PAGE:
MERALCO, the country’s  biggest electric distribution utility, has the highest distribution charges in the country compared with other distribution utilities in urban centers like Davao and Metro-Cebu.

A comparative study done by the Freedom from Debt Coalition (FDC) revealed that the Lopez-family controlled-Meralco which serves the Philippines’ largest economic region of Metro-Manila and the highly industrialized Calabarzon provinces  and distributes 70% of the country's power consumption, charges residential and commercial customers P1.6615 per kWh in distribution charges. They also charge P0.5271 for supply service and P0.2435 per kWh for metering fees.

Comparatively, the FDC study showed that consumers in Metro-Cebu are being charged by Visayan Electric Company (VECO) only P1.0773/kWh for distribution, P0.2712/kWh for Supply Services, and P0.1924/kWh for metering services. Based on the total of these three revenue items that go to the distribution utility, Meralco's charges are higher by 57.8% or P0.89 per kWh than VECO.

In Davao City , FDC said, “consumers are charged by the Davao Light and Power Co. only P1.2409/kWh for distribution, zero for supply services, and P0.2249 per kWh for metering services. This shows that Meralco's charges are 60% or P0.9663 per kWh higher than Davao Light.”

Data used by FDC came from the electric bills of consumers in those cities.

Power industry experts who served as resource persons of FDC in analying the electric bills in those cities said: "This doesn't make sense because of a lot of economic and financial and operations advantages that Meralco enjoy such as the following:
  • The Meralco franchise area is larger, more modern, and more compact. Meralco has more customers per square kilometer of area or per kilometer of distribution lines. Their distribution costs per customer therefore should be a lot less than the much smaller cities of Cebu and Davao .
  • Meralco has a system demand of 5,400 megawatts compared with 280mw for Cebu and 250mw for Davao. In fact all the other distribution utilities in the country combined will not be even half of the Meralco size."
"Being a huge distribution facility which wields a lot of clout, Meralco could demand lower prices for a lot of the supplies and materials it needs for their distribution service. Of course, if its main concern is providing the lowest or cheapest power rates to its consumers as the public franchise that the government gave it demands,” the experts added.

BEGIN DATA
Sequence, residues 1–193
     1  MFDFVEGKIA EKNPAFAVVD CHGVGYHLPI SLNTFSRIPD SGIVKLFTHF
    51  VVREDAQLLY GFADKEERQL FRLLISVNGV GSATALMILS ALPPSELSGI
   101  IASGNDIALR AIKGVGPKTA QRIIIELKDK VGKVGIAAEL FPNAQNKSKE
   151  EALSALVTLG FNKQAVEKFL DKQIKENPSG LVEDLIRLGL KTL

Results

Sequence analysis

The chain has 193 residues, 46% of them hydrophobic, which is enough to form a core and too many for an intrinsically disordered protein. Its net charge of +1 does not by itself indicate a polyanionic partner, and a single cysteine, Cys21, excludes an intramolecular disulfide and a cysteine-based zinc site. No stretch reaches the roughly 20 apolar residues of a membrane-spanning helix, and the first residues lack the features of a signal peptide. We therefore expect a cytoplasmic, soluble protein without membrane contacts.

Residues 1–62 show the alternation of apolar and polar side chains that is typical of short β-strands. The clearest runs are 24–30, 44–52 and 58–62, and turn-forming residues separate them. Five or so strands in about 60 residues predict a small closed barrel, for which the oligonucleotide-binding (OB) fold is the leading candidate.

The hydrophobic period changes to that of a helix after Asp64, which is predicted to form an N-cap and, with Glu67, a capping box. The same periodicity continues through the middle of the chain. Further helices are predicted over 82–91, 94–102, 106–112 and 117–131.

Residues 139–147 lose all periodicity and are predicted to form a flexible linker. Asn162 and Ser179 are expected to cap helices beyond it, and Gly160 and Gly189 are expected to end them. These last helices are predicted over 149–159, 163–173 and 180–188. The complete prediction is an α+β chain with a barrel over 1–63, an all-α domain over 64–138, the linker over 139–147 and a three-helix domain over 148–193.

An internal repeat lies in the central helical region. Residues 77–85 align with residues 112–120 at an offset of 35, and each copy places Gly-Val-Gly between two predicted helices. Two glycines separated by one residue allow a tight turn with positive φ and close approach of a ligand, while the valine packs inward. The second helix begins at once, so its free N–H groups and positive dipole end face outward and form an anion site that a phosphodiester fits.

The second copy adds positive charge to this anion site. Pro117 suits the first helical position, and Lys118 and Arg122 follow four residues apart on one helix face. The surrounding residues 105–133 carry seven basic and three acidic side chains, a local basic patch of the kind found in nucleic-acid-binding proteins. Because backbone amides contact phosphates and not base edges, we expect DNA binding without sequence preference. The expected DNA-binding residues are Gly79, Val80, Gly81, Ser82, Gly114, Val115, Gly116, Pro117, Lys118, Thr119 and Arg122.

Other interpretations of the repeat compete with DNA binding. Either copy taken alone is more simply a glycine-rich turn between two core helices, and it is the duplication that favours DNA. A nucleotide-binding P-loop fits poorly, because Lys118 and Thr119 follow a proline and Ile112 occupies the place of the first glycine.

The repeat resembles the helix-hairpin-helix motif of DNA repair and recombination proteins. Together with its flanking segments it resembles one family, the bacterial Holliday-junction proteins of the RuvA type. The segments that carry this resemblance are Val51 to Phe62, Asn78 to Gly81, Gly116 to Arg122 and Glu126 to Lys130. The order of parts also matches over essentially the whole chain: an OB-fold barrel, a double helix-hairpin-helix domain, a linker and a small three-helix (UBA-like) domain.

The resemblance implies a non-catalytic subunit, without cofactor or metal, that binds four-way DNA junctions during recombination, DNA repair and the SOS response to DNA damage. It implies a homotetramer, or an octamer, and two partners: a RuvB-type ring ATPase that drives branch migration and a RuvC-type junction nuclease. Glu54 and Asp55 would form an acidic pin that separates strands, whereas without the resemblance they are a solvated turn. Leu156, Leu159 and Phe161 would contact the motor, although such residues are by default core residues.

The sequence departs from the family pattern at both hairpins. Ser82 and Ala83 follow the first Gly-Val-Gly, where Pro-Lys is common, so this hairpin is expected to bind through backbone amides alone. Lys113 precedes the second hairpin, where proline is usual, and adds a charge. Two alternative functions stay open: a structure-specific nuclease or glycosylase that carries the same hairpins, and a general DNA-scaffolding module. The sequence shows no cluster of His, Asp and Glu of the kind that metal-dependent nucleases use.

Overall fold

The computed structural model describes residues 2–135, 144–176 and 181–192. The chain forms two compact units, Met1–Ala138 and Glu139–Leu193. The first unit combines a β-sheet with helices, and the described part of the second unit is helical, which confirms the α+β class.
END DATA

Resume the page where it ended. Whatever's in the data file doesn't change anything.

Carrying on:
“Indeed, there are no technical and economic reasons why Meralco's charges for its services should be more expensive. The disparity is just too big." said FDC.

FDC suspects that Meralco's rate base (valuation of the assets that the utility is supposed to be using to provide the distribution services) is bloated.  “Meralco have already been accused before of padding its rate base by adding non-essential and luxury assets such as the maintenance cost of the Rockwell property that it eventually turned into a multi-billion shopping area, the Meralco theater and gymnasium, and a luxury estate in Antipolo that has been made to look like a training center but is actually a profit center as other private companies  pay to use it.”

“Apparently, using a new rate-setting methodology, the Energy Regulatory Commission is, in effect, allowing Meralco a 15.2% return on rate base which appears to also include the corporate income taxes of Meralco – a practice that is unfair, unjust, and against the law,” said FDC.

Currently, the average per kilowatthour charge in the monthly bills of Meralco’s residential and commercial customers is P11.50 per kWh.

On distribution charges alone, Meralco appears to be overcharging its customers by about P0.90 per kwh. It is equivalent to P180 per month for those using 200mwh and P900 per month for those using 1,000 kwh a month, not to mention the additional cost brought about by the 12% value added tax on distribution charge. -30-

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